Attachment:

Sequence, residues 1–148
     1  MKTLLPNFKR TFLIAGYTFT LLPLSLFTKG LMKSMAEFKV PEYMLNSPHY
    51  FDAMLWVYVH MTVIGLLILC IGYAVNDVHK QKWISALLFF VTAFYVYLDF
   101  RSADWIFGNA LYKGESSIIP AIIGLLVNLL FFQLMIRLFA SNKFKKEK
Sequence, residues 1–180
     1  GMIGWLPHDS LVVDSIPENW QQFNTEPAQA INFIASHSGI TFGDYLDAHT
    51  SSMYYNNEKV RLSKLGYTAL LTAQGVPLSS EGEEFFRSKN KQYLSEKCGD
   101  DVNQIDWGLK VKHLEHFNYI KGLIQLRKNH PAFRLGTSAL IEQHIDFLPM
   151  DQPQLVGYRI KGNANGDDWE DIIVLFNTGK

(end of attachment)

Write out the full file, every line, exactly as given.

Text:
Sequence, residues 1–148
     1  MKTLLPNFKR TFLIAGYTFT LLPLSLFTKG LMKSMAEFKV PEYMLNSPHY
    51  FDAMLWVYVH MTVIGLLILC IGYAVNDVHK QKWISALLFF VTAFYVYLDF
   101  RSADWIFGNA LYKGESSIIP AIIGLLVNLL FFQLMIRLFA SNKFKKEK
Sequence, residues 1–180
     1  GMIGWLPHDS LVVDSIPENW QQFNTEPAQA INFIASHSGI TFGDYLDAHT
    51  SSMYYNNEKV RLSKLGYTAL LTAQGVPLSS EGEEFFRSKN KQYLSEKCGD
   101  DVNQIDWGLK VKHLEHFNYI KGLIQLRKNH PAFRLGTSAL IEQHIDFLPM
   151  DQPQLVGYRI KGNANGDDWE DIIVLFNTGK